Relieves pain and strengthens the immune system: the health benefits of sex

Sex is a pleasurable experience, whether it is experienced alone or shared with another person, especially if we are deeply attracted to them or if we are held together by a meaningful bond. It can also become an extraordinary form of communication, through which to transmit complex feelings and strengthen the relationship.

Since it is also a fundamental dimension of life, much has been written about how and when it would be best to dedicate time to it. However, the really true thing is that there are no universal answers to this question: it almost always depends on each individual, the couple and the context. The only truth is that it requires consensus between the parties, who must feel comfortable and satisfied in their mutual expectations.

What there is a lot of evidence about is the physical and psychological benefits that sex brings. Respecting that each person is unique in their needs and values, below we will detail what it can give us when practiced with the frequency that we consider desirable.

Improves mood

When having sex the brain produces endorphins; substances that generate excitement, satisfaction and well-being. They are also involved in the euphoria and calm that precedes and follows orgasm, respectively. Thus, they are embedded in the reward response that we experience when feeling different forms of pleasure.

Although it makes us feel good, it cannot be said that sex serves as an antidepressant treatment. It can provide us with positive moments that add to others to enhance pleasant emotions, but mood disorders require much more complex and often multidisciplinary therapeutic approaches.

Finally, we must keep in mind that sex facilitates falling asleep, which has a positive effect on the insomnia that very often accompanies mental health problems.

Buffers stress

The subjective experience of maladaptive stress (or distress) arises when we feel overwhelmed by the demands of the environment and disturbs both our mood and sexual desire. When we live for a long time with situations that overwhelm us, the frequency with which we want to have sex declines, which can sometimes translate into less satisfaction with our partner.

This may be due to levels of cortisol, a hormone necessary to cope with environmental demands, but harmful when its concentration in the body rises too high or for too long. In this sense, sex can help us reduce the stress associated with daily overload, although paradoxically stress itself also reduces desire.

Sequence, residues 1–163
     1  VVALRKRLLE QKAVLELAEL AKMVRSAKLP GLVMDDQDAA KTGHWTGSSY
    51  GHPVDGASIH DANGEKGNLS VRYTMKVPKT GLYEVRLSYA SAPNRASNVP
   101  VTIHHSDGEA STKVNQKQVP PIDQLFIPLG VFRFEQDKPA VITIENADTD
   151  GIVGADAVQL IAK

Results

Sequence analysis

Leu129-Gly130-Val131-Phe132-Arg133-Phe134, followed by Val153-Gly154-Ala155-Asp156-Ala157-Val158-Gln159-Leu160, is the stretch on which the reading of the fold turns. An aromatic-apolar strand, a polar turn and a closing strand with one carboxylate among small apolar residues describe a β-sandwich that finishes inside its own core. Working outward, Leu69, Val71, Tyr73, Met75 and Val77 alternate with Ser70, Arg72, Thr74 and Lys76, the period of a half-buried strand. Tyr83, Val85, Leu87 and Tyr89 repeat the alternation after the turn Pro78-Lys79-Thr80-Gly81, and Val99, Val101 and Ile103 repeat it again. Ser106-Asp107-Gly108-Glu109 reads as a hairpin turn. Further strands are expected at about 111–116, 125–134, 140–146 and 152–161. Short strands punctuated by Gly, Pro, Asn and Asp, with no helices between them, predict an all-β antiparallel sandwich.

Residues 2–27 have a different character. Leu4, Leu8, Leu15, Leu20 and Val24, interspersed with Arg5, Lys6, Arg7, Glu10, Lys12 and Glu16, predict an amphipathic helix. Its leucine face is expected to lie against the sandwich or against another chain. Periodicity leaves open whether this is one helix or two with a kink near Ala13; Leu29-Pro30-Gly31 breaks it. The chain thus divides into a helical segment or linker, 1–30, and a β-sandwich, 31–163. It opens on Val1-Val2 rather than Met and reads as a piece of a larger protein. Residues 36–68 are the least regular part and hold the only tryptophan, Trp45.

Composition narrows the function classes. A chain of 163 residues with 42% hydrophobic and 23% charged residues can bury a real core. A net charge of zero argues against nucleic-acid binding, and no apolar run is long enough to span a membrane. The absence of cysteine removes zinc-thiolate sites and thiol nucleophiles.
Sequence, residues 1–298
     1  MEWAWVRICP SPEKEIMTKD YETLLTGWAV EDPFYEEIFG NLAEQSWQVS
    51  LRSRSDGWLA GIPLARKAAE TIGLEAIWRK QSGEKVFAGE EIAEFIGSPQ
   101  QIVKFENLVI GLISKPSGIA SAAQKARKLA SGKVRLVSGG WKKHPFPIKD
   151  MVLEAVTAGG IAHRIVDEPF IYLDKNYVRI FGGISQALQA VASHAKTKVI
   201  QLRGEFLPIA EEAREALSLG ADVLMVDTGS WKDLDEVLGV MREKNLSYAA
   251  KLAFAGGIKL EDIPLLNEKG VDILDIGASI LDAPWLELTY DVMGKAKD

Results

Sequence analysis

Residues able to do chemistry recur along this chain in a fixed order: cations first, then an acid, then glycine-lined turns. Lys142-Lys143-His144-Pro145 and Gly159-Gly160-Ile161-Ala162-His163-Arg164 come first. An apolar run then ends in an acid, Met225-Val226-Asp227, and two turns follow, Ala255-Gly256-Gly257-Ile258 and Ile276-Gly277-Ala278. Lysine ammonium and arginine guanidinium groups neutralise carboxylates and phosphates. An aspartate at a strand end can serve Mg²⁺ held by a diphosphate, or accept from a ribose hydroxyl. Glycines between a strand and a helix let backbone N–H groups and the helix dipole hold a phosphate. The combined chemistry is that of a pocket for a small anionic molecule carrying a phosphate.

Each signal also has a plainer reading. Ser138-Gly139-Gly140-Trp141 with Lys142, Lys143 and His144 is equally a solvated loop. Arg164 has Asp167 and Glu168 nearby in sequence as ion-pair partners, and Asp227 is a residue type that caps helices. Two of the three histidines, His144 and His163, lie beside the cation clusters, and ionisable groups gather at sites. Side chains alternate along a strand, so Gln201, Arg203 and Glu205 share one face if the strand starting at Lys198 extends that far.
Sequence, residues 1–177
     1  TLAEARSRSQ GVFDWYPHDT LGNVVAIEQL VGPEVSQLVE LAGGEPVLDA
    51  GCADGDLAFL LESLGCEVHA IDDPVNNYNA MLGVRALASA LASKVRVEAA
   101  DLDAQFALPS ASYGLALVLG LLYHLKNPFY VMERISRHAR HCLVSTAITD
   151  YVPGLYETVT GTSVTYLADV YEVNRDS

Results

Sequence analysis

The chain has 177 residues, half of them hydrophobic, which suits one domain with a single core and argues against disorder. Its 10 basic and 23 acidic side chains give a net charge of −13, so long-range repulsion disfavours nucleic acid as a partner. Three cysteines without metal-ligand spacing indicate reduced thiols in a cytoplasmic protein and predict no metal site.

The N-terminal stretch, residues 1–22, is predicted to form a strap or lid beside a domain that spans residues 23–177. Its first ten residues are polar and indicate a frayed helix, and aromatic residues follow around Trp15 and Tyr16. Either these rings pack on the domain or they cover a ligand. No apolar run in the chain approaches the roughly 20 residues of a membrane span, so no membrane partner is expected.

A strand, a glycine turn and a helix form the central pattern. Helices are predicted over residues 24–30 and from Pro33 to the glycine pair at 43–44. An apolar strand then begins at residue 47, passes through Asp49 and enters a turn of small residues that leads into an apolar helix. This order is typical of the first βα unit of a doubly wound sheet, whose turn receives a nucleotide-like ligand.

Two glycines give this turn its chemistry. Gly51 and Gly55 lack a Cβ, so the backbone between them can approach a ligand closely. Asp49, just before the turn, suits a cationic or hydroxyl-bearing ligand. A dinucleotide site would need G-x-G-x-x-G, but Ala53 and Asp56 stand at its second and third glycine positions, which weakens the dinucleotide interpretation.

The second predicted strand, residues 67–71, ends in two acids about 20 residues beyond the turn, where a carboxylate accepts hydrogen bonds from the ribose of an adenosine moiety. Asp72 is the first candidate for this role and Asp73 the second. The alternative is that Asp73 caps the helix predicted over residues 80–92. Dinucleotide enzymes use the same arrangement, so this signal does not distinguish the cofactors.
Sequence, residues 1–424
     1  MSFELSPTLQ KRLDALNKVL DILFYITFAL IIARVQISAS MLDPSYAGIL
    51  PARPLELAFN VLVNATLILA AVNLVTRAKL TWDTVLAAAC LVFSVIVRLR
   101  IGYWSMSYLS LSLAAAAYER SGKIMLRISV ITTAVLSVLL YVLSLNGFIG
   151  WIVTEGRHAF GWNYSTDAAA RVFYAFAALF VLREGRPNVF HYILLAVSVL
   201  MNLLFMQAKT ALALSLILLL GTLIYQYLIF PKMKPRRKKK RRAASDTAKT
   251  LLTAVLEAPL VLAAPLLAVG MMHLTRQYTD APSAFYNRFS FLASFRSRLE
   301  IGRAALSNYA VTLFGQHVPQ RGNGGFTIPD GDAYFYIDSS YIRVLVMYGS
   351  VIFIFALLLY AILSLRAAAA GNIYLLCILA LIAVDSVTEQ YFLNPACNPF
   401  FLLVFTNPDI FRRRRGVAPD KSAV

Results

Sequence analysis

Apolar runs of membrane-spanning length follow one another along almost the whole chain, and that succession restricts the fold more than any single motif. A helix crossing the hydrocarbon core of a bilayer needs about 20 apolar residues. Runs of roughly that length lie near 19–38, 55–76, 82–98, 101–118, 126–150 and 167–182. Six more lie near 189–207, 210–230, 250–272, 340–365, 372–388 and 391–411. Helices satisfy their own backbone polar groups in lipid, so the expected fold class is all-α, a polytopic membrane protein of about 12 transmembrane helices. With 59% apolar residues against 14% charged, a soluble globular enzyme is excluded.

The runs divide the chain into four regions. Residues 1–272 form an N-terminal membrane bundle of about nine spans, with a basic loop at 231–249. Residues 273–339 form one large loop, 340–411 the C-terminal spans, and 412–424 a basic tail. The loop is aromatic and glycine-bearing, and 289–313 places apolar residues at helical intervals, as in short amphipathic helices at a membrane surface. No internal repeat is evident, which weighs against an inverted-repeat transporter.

A curious fact in this regard is that the most satisfied couples tend to seek sexual relations in the days after a stressful day. In addition, they are also the ones that benefit the most from its positive effects.

Boosts the immune system

Regular sexual activity enhances our physiological defenses against viruses, bacteria and other pathogens. There are even studies that suggest that having intimate relationships three times a month can protect us from coronavirus. The finding extends, of course, to other infectious pathologies.

This benefit on the immune system is independent of age and specific sexual practices, so anyone can achieve it at different times in their life. In short: the evidence suggests that as we increase the frequency of sexual relations our immune system becomes more competent against threats.

Reduces blood pressure and pain

Sexual activity promotes cardiovascular health. We know that erotic games as a couple increase systolic and diastolic pressure, with a spike during orgasm that attenuates just as it fades. In young people, a single sexual encounter translates into almost six metabolic equivalents (that is, an energy consumption six times greater than what would have been achieved at rest).

Another recent study suggests that maintaining sexual activity during old age reduces the probability of cardiovascular problems by positively affecting known risk factors. It can also contribute to relieving pain in pathologies that cause it, there being a lot of data on this point, especially in the female population.

Strengthens the relationship and emotional connection

Sex is important to build and maintain the bond with your partner, as it is a space conducive to sharing rewarding experiences. This is linked to the production of oxytocin, a hormone that contributes to the strengthening of all types of relationships (including that of mother and child during breastfeeding).

Oxytocin helps regulate social and emotional behaviors, making it key to well-being. It also modulates fear, anxiety and stress responses; flourishing especially in intimate moments such as hugs, caresses or kisses.

This reality underlines the importance of sex not being limited to genitality, but rather contemplating other, more subtle forms of interaction. Although the orgasm is the high point of the sexual response, our intimate relationships should not orbit around it or be understood as incomplete if it is not achieved.

In short, sex has multiple benefits. The priority will always be that it adjusts to the needs of the people involved, so that it provides pleasant and relaxed moments. Putting pressure on its intensity or frequency is often counterproductive. Knowing and respecting our mutual needs will be the key.